“When the news media are reduced to insults and vicious attacks, that suggests they have very little logic to defend their position,” says Gary Mauser, a professor of business at Simon Fraser University and a director of the B.C. Wildlife Federation (BCWF).
It was to a crowd of 300 at the federation’s annual convention in Prince George on April 13 that Mr. Heston delivered his controversial speech.* In it, he acknowledged that his views made him unpopular with many “gun haters,” as he called them. “Even today, the president of the United States refers to me as Moses,” he said. “But not with much reverence, I’m afraid,”
Mr. Heston, who can command a fee of up to $75,000 but spoke for free in Prince George, delivered a speech written specially for his Canadian audience. Zeroing in on Bill C-68, the federal gun-registration law, he asked how Canadians could have allowed it to pass.
“I know you fought bitterly, but it wasn’t enough,” he declared. “It will be a sad day on January 1, 2003, when every gun in Canada has to be registered with your government. Written or unwritten, gun ownership in a free nation remains an individual right. You may not be absolutely free when you own a firearm. But I guarantee you will never be free when you can’t. That’s not written, that’s God-given.”
Mr. Heston’s speech also covered territory familiar to opponents of the Liberals’ gun law, including how crime actually rises in countries that pass stiff gun-control legislation (because criminals know citizens are less able to defend themselves) and how C-68 is “a financial, unenforceable fraud.” Canadian Alliance MP Garry Breitkreuz disclosed last week that the cost of Ottawa’s national gun registry is now five times greater than the original $85-million estimate and that its bureaucracy now employs about 1,400 workers.
The speech earned Mr. Heston three standing ovations, but the response in the Canadian media was far less friendly. Many commentators, such as one unnamed editorialist in the London Free Press, adopted a straightforward “Yankee-go-home” line of attack; but some, like the Vancouver Province’s Dan Murphy, went far beyond that. In fact, he twice called Mr. Heston “the oldest, craziest whore in the world.” The paper’s editorial was only marginally less insulting, and dubbed the retired actor “some Hollywood hack.”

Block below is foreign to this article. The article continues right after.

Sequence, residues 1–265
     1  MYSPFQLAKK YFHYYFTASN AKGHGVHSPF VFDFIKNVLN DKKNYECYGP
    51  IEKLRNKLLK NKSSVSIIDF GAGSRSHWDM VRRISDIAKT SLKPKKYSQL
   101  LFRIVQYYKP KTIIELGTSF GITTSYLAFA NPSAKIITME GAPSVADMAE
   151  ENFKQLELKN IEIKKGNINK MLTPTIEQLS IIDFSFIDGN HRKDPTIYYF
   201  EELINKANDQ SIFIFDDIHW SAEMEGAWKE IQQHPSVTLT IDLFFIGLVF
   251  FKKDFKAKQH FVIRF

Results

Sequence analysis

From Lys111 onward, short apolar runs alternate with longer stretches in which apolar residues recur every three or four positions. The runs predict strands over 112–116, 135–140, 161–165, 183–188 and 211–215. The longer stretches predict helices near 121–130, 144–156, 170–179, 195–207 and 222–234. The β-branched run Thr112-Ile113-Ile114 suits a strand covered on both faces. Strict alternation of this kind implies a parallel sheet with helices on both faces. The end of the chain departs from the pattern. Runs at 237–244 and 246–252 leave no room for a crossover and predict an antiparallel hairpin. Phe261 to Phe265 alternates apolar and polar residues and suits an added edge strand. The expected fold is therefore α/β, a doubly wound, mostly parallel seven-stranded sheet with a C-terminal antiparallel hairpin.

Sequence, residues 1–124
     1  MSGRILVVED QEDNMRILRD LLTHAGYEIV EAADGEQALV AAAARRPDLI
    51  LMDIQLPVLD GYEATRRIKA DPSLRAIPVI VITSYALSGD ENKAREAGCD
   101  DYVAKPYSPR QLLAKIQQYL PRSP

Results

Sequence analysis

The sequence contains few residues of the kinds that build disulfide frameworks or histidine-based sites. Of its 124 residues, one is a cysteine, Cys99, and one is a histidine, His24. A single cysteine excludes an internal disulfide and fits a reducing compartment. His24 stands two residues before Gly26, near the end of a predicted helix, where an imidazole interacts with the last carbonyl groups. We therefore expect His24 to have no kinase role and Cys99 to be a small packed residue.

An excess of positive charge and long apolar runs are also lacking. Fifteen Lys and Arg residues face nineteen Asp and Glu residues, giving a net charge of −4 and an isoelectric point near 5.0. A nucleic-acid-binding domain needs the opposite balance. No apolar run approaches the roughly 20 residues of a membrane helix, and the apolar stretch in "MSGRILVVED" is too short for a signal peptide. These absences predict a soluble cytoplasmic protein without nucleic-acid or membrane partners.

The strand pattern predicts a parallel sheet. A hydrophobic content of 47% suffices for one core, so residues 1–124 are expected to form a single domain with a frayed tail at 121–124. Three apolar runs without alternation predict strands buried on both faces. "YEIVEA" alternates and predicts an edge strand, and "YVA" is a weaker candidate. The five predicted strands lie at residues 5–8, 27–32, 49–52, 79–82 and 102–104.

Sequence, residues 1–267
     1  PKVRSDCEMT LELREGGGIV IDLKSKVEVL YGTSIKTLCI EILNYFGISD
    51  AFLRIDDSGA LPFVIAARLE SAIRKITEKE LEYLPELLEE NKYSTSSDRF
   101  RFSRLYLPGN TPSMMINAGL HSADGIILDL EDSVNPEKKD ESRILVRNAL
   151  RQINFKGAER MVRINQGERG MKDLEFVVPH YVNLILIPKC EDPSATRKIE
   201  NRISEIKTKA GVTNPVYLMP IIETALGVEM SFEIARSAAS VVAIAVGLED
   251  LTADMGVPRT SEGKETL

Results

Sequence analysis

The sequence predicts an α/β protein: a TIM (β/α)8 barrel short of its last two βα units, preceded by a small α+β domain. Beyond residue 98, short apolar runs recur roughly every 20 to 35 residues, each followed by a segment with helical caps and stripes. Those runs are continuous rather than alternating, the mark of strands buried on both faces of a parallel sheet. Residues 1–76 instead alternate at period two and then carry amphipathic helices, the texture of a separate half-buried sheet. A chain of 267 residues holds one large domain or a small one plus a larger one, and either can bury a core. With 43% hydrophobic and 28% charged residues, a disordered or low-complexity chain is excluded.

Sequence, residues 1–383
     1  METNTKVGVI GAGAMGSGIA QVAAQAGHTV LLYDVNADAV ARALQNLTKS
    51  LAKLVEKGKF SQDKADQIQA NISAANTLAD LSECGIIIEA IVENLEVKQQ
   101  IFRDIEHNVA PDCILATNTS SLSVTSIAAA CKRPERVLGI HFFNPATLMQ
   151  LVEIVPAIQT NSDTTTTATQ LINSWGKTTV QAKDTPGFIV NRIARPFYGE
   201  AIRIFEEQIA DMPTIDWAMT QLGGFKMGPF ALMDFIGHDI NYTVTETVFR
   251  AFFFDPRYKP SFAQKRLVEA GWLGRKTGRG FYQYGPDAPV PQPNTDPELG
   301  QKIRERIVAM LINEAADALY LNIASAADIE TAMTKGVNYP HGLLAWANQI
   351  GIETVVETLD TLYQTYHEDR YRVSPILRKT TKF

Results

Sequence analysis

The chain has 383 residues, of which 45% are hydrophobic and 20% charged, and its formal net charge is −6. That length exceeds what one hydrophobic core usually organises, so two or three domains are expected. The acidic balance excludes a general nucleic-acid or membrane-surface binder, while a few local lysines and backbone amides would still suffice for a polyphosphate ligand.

Such displays of raw hatred upset Ivar Larson of Canal Flats, B.C. As the new president of the BCWF, Mt Larson’s job is to communicate the federation’s concerns about gun control to the general public, but he knows he is up against widespread ignorance and bias. “I think it’s just an overreaction,” he says. “Gun-registration supporters have to realize that the people who are honest and don’t commit offences with their firearms aren’t the people who should be [burdened] with this.”
As for the convention’s famous speaker, Mr. Larson, 47, saw not a lunatic, but a friendly and passionate man. “He struck me as my granddad,” he says, a man who fought for freedom at Vimy Ridge. “Just before he died [at 95], he brought me into his room and said three things to me. One, your family and friends come first. Second, don’t let government think for you because, he said, you are the government. And third, be very cautious of a government that doesn’t trust you with your firearms.”
Mr. Heston’s stirring speech only reinforced those lessons. Says Mr. Larson, “It’s pretty hard not to respect somebody who can deliver that kind of message.”